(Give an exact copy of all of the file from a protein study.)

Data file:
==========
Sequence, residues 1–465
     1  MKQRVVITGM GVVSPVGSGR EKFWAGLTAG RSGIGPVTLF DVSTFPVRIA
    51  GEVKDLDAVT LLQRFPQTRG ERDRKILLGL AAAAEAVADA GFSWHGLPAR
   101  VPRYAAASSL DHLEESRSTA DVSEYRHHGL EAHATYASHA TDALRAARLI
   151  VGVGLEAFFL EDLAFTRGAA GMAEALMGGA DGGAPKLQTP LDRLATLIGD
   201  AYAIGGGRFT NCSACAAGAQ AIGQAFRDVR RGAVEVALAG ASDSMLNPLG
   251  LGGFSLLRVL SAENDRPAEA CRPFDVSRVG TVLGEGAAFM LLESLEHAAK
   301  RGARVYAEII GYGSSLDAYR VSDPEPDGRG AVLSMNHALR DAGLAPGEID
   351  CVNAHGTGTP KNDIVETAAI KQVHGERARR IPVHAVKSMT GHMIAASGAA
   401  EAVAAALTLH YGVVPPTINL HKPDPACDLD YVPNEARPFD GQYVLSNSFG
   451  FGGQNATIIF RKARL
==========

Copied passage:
Sequence, residues 1–465
     1  MKQRVVITGM GVVSPVGSGR EKFWAGLTAG RSGIGPVTLF DVSTFPVRIA
    51  GEVKDLDAVT LLQRFPQTRG ERDRKILLGL AAAAEAVADA GFSWHGLPAR
   101  VPRYAAASSL DHLEESRSTA DVSEYRHHGL EAHATYASHA TDALRAARLI
   151  VGVGLEAFFL EDLAFTRGAA GMAEALMGGA DGGAPKLQTP LDRLATLIGD
   201  AYAIGGGRFT NCSACAAGAQ AIGQAFRDVR RGAVEVALAG ASDSMLNPLG
   251  LGGFSLLRVL SAENDRPAEA CRPFDVSRVG TVLGEGAAFM LLESLEHAAK
   301  RGARVYAEII GYGSSLDAYR VSDPEPDGRG AVLSMNHALR DAGLAPGEID
   351  CVNAHGTGTP KNDIVETAAI KQVHGERARR IPVHAVKSMT GHMIAASGAA
   401  EAVAAALTLH YGVVPPTINL HKPDPACDLD YVPNEARPFD GQYVLSNSFG
   451  FGGQNATIIF RKARL